Paraffin in chocolate

brownthumbiaDecember 5, 2010

I'm going to make some peanut clusters plus a few other things and I'm going to use chocolate chips. What I'm wondering is how much paraffin would you add to the 12 oz. pkgs of chips? I'm thinking the paraffin will keep the chocolate from melting in your hands. Anyone have an answer for me? In the past I did use wax but I can't remember what the formule was. If you could just tell me the ratio between the wax and chocolate I would really appreciate it. I'm planning on making other chocolate candy too so I think this would be a big help. Thanks in advance. BT

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susan_on

I don't know if this helps, but my husband has a recipe for chocolate balls, and it calls for four squares of Baker's chocolate to 1/4 cup of shredded paraffin wax.

    Bookmark   December 5, 2010 at 10:21AM
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centralcacyclist

"I use 1/4 bar (1-ounce) paraffin wax per 1 (12-ounce) package of semisweet chocolate chips. I use this also when making Christmas candies. Just melt it with the chocolate in the top of a double boiler over hot water."

From baking911.com. I have done this for dipping biscotti I shipped to someone but really didn't see much difference. I stopped bothering.

    Bookmark   December 5, 2010 at 10:30AM
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beachlily z9a

I'm not going to use paraffin. You can taste it and it isn't necessary. While straight chocolate will melt a bit when picked up, the texture and taste are much more pleasing. Additionally, I think the chocolate chips have a stabilizer in them and eliminate the need for paraffin. I'll be using Belgium chocolate that doesn't have additives, so my friends will just have to lick their fingers!

    Bookmark   December 5, 2010 at 10:31AM
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arkansas_girl

The whole idea of paraffin in food makes me uncomfortable. Is it even healthy? I mean if we are worried about stuff like hydrogenated oils...wouldn't paraffin be worse for your health? I mean seems like it would clog your arteries. I can't see me ever making a recipe with paraffin. I think I'd rather them melt a bit on my fingers!

    Bookmark   December 5, 2010 at 10:45AM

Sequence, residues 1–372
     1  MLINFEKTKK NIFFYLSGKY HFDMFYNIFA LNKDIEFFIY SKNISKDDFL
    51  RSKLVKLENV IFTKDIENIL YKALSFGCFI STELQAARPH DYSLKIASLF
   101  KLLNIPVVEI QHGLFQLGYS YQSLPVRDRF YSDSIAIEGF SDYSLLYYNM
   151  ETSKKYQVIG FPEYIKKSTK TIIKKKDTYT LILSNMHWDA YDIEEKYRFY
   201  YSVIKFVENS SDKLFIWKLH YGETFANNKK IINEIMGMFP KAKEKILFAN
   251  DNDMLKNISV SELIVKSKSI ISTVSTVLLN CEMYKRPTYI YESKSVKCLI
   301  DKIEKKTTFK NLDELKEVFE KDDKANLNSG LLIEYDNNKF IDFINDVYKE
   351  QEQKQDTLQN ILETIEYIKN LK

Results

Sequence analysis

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grainlady_ks

Paraffin (wax - food-grade) is in that nebulous "Generally Recognized As Safe" category and is also categorized as a "chemical preservative" - generally used on fruits and vegetables. It quickly passes through your system without being broken down, so no clogged arteries from it. It's also the stuff they coat waxed paper with.

In candy-making it provides the "shine" on those chocolates and helps keep items from losing moisture and they keep better at room temperature.

I add coconut oil instead of paraffin. Non-hydrogenated coconut oil is quite hard at cool room temperatures, but it begins to melt if the temperature is around 70-degrees F or warmer, so keep that in mind.

Another old tip - coconut oil was also used in fondant icing on donuts to keep the icing looking good in humid weather. This is one of those tips I found and keep in my "Book of ODD Knowledge".

-Grainlady

    Bookmark   December 5, 2010 at 11:42AM
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mudlady_gw

Just a funny--I often "see" strange words when I read. I almost always read elephant as eggplant. I just noticed this thread and saw: "Puffins in chocolate."
Guess I need a chocolate fix soon!
Nancy

    Bookmark   December 5, 2010 at 12:15PM
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publickman

I generally use a ratio of 1:10 paraffin to chocolate, but you can use as much as 1:6, which many people recommend. If you use less than 1:10, it will not have much effect, but it does help with preventing (to some extent) the chocolate from melting in people's hands. I've made chocolate turtles without using the paraffin, and people did not seem to mind the chocolate on their hands, but it was pretty messy to eat.

Paraffin has a much higher melting temperature than coconut oil, but I'm sure that coconut oil has a much better flavor.

Lars

    Bookmark   December 6, 2010 at 7:11PM
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Islay_Corbel

Oooooh, no thank you! Chocolate is chocolate. It melts.

    Bookmark   December 7, 2010 at 2:57AM
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sally2_gw

I thought tempering is what gave chocolate that shine. I also thought that paraffin is derived from fossil fuel, but I may have it confused with something else. What exactly is paraffin, aside from being a wax? Where does it come from?

Sally

    Bookmark   December 7, 2010 at 9:33AM
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CA Kate

Grainlady: what proportion of Chocolate to Coconut oil do you use?

    Bookmark   December 8, 2010 at 12:53AM
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Islay_Corbel

Isn't it a laxative?

    Bookmark   December 8, 2010 at 3:07AM
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grainlady_ks

westelle -

I don't remember any more - it's been too many years since I've made chocolates (I live a hop skip and a jump from a Russell Stover factory -- LOL).

In recipes that call for shortening in the chocolate, I use equal amounts.

-Grainlady

    Bookmark   December 8, 2010 at 5:29AM
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